No one knows more about using the new Real-Time tools and strategies to spread ideas, influence minds and build business than David Meerman Scott. He's a marketing strategist, speaker, advisor to emerging companies, and author of ten books including three international bestsellers.
Last week I wrote about my personal relationship with Facebook over the past decade. In my post I concluded I no longer trust the company. Many people jumped in who agree. Some wanted to know what we can do about it. Is there an alternative?
I don’t think #DeleteFacebook is the answer. With more than 2 billion people, the social network long ago achieved critical mass so like nearly everybody I speak with, Facebook is an important way to keep up with friends and colleagues.
Facebook works because the company acts as the clearinghouse for people to connect. Much like a bank is the go between people who have money to invest and people who want to borrow, Facebook is the go between for social connections. But just like banking, there is an incentive to abuse the relationship (ask Wells Fargo about that).
The future is a blockchain-based social network
I suspect that the future will bring a social network built on blockchain where every user controls his or her data and can choose to sell or buy attention (or not). In the same way that the blockchain is disrupting the banking system by bypassing it with cryptocurrency like Bitcoin and others, a new way to organize social connections is possible.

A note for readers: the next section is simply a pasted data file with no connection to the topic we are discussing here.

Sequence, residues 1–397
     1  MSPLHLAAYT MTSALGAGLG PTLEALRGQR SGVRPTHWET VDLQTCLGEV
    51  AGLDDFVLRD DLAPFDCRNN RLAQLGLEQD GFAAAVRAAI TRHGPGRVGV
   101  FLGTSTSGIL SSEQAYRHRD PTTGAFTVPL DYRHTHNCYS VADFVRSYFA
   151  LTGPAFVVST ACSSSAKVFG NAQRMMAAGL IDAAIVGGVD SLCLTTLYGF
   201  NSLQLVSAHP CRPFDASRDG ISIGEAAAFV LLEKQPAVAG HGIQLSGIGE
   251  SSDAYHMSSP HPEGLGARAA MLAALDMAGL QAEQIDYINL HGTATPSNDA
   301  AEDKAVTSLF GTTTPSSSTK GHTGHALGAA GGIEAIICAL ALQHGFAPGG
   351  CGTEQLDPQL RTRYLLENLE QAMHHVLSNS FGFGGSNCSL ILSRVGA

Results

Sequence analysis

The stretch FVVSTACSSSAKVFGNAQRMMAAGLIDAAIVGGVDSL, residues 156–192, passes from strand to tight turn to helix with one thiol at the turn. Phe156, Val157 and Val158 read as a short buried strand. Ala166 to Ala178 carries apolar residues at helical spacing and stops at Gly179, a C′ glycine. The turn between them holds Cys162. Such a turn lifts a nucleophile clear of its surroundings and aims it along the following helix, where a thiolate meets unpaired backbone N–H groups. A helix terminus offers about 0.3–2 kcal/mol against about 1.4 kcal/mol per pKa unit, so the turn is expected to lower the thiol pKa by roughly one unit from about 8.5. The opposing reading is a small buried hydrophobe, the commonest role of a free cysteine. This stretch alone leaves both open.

A blockchain is a decentralized and distributed ledger used to record transactions. The decentralized component means no person or entity “owns” the blockchain and distributed means that transactions are recorded on many different computers. Once a transaction is logged, it cannot be altered retroactively without changing subsequent blocks, which is the security built into the system.
Distributed social networks might arise with blockchain providing identity services. Imagine a large and popular social network that is not owned by a corporation like Facebook or Twitter, companies that now monopolize aspects of how we communicate. Decentralized social networks already exist but to date have few users. For example, Mastodon is a free federated social network that does not rely on a central server system. But Mastodon does not use blockchain and it doesn’t have many users today.
The problem is the time it will take to build a new network of people. It has taken Facebook twelve years to get to 2 billion users. It will take a really long time for any blockchain-based competitor to achieve that critical mass.